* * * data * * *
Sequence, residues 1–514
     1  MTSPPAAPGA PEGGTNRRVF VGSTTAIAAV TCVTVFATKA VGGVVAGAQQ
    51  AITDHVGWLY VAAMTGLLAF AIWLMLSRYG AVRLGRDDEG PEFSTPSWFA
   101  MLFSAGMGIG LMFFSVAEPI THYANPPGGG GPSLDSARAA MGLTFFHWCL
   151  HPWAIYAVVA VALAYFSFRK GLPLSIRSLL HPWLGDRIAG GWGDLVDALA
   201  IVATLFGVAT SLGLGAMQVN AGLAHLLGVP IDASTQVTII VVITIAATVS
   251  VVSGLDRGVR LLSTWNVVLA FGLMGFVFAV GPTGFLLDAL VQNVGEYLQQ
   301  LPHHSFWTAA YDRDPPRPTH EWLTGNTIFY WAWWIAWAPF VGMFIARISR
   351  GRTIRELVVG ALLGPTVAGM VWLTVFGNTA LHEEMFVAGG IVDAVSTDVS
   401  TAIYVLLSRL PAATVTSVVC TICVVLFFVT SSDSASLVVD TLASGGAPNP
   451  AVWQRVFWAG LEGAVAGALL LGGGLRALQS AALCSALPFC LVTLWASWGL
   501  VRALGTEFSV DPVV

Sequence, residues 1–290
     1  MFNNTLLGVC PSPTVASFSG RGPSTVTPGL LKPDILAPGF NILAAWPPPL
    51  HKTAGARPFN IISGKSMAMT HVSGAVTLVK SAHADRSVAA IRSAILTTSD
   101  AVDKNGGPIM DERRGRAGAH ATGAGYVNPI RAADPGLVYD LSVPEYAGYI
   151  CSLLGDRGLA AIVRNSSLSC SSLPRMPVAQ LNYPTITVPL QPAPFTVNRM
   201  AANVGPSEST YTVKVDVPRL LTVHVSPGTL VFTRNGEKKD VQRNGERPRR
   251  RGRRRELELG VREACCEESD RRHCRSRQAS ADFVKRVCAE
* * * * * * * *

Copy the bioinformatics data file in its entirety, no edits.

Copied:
Sequence, residues 1–514
     1  MTSPPAAPGA PEGGTNRRVF VGSTTAIAAV TCVTVFATKA VGGVVAGAQQ
    51  AITDHVGWLY VAAMTGLLAF AIWLMLSRYG AVRLGRDDEG PEFSTPSWFA
   101  MLFSAGMGIG LMFFSVAEPI THYANPPGGG GPSLDSARAA MGLTFFHWCL
   151  HPWAIYAVVA VALAYFSFRK GLPLSIRSLL HPWLGDRIAG GWGDLVDALA
   201  IVATLFGVAT SLGLGAMQVN AGLAHLLGVP IDASTQVTII VVITIAATVS
   251  VVSGLDRGVR LLSTWNVVLA FGLMGFVFAV GPTGFLLDAL VQNVGEYLQQ
   301  LPHHSFWTAA YDRDPPRPTH EWLTGNTIFY WAWWIAWAPF VGMFIARISR
   351  GRTIRELVVG ALLGPTVAGM VWLTVFGNTA LHEEMFVAGG IVDAVSTDVS
   401  TAIYVLLSRL PAATVTSVVC TICVVLFFVT SSDSASLVVD TLASGGAPNP
   451  AVWQRVFWAG LEGAVAGALL LGGGLRALQS AALCSALPFC LVTLWASWGL
   501  VRALGTEFSV DPVV

Sequence, residues 1–290
     1  MFNNTLLGVC PSPTVASFSG RGPSTVTPGL LKPDILAPGF NILAAWPPPL
    51  HKTAGARPFN IISGKSMAMT HVSGAVTLVK SAHADRSVAA IRSAILTTSD
   101  AVDKNGGPIM DERRGRAGAH ATGAGYVNPI RAADPGLVYD LSVPEYAGYI
   151  CSLLGDRGLA AIVRNSSLSC SSLPRMPVAQ LNYPTITVPL QPAPFTVNRM
   201  AANVGPSEST YTVKVDVPRL LTVHVSPGTL VFTRNGEKKD VQRNGERPRR
   251  RGRRRELELG VREACCEESD RRHCRSRQAS ADFVKRVCAE